No One Can Find ISPs Who Have Agreed To RIAA's 3 Strikes Plan

from the keep-looking dept

It's been a few weeks since the WSJ announced that the RIAA was supposedly dropping its lawsuit strategy, in favor of a backroom deal with ISPs, negotiated under dubious circumstances by NY's Attorney General Andrew Cuomo, whereby those ISPs would start cutting off connections from those accused (not found guilty) of file sharing. However, since then, we've heard from a variety of ISPs who don't like the plan, and Wired went on a wild goose chase trying to find a single major ISP that has agreed to the plan and came up empty. Of course, most of them refused to comment. The only one who said anything straight up was Verizon -- who had earlier confirmed that it had no interest in doing a deal with the RIAA. The big cable companies and AT&T have shown some interest in the past -- but now refuse to admit that an agreement has been worked out.

The big question is why?

If this is such a great deal for consumers, as Cuomo and the RIAA insist, then why wouldn't an ISP want to step right up and proudly admit to such a deal? Obviously, it's because they know that such a deal is a sham, based on no legal reasoning, that will harm their position in the market and piss off customers. The RIAA will likely claim that no deals have been announced because the details haven't been finalized -- but again, that makes no sense. We've been questioning from the beginning why these negotiations haven't been more open. And with record labels like Warner Music and EMI insisting that they want to be seen as more open and willing to hold a "conversation" with critics, the fact that no one will talk openly about this backroom deal shows what a bunch of liars they are again. They don't want an open conversation. They want the government and ISPs to protect their business model, and they've convinced Andrew Cuomo to fall for it.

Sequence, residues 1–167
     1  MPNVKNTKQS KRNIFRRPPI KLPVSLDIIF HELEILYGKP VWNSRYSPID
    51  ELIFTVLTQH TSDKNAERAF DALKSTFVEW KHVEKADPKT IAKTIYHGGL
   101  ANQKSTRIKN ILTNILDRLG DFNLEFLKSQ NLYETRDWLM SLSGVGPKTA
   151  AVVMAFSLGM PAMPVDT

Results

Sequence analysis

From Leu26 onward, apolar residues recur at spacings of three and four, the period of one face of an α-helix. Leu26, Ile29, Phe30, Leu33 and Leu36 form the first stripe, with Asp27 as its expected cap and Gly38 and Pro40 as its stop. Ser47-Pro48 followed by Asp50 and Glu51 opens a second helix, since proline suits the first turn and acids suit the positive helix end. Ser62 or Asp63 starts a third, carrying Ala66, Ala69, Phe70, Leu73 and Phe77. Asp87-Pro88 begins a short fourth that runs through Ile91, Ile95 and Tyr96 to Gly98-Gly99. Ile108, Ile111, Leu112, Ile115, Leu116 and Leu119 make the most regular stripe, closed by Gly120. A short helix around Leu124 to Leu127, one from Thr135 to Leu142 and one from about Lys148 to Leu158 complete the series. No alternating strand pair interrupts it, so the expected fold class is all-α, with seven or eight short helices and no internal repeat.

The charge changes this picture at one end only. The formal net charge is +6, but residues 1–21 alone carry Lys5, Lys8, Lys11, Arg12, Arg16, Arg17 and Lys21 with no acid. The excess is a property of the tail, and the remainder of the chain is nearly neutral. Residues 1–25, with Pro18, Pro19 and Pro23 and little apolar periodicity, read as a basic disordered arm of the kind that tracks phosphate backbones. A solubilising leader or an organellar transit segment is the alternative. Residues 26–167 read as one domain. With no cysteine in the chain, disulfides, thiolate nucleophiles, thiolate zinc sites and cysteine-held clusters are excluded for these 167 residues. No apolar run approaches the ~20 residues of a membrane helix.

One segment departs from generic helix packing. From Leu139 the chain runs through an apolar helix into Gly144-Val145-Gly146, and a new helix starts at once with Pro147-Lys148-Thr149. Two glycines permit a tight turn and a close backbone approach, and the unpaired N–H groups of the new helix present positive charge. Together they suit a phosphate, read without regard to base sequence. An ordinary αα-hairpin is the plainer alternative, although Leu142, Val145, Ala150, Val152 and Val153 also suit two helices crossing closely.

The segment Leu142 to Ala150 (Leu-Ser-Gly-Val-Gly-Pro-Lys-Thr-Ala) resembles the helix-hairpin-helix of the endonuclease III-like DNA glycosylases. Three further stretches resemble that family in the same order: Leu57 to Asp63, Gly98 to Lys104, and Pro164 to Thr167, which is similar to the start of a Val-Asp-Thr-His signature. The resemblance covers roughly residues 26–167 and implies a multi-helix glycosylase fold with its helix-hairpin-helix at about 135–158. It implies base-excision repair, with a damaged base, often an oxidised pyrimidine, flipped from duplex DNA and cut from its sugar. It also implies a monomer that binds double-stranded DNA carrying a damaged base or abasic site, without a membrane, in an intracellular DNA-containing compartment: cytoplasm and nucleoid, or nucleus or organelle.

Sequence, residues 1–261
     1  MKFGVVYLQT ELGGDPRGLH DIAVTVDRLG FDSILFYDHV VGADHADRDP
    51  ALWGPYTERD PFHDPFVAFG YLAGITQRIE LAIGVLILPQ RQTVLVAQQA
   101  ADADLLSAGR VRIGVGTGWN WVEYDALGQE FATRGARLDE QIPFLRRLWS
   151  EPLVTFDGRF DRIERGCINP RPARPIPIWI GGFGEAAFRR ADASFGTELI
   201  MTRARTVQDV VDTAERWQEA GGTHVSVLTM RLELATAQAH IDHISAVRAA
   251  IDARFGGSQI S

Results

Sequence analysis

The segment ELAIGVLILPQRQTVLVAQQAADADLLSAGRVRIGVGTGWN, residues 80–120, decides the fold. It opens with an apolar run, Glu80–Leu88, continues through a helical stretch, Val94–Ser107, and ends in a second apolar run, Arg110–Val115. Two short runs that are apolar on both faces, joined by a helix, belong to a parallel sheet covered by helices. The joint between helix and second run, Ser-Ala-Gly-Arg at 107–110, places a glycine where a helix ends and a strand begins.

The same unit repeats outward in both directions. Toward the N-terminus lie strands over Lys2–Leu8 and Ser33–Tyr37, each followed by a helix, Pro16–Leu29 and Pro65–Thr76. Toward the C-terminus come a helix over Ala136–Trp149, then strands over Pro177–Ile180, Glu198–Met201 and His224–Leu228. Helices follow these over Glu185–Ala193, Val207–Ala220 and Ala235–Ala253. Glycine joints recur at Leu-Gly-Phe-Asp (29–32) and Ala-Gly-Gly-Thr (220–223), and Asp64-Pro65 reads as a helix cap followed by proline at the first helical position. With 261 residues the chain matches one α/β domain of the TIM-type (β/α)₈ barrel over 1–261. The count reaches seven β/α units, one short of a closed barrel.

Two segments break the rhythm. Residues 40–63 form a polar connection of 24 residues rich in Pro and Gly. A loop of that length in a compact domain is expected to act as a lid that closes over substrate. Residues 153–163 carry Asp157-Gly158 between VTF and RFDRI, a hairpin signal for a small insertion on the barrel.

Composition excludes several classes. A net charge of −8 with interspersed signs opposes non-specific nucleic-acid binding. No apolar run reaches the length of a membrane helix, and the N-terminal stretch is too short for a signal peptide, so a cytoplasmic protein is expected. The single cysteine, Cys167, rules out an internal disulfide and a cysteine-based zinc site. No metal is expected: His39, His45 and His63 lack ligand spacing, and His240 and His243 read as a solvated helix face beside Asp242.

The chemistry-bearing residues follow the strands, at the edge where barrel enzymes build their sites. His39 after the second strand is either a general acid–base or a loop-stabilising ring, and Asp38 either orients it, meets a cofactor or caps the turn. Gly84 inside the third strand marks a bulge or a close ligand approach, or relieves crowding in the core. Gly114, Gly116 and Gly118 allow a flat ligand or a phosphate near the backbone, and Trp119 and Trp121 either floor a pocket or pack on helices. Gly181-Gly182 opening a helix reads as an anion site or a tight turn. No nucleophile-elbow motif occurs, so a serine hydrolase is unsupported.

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Filed Under: copyright, isps, music, takedowns, three strikes
Companies: at&t, comcast, cox, riaa, time warner cable, verizon


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  1. identicon
    Curious Minds Want to Know, 6 Jan 2009 @ 5:30am

    Show me the list

    I want to see the list of those who are exempt from the three strikes - kick em to the curb - back room conspiracy.

    I'll bet a cup of coffee that the arrangement stipulates the RIAA and friends can not be taken off the internet when accused of copyright infringement. They will be accused because 1) they are indeed guilty and 2) for the fun of it.

    I'm looking forward to the court room battles.

    Hey - this is a good idea for a new reality tv show.

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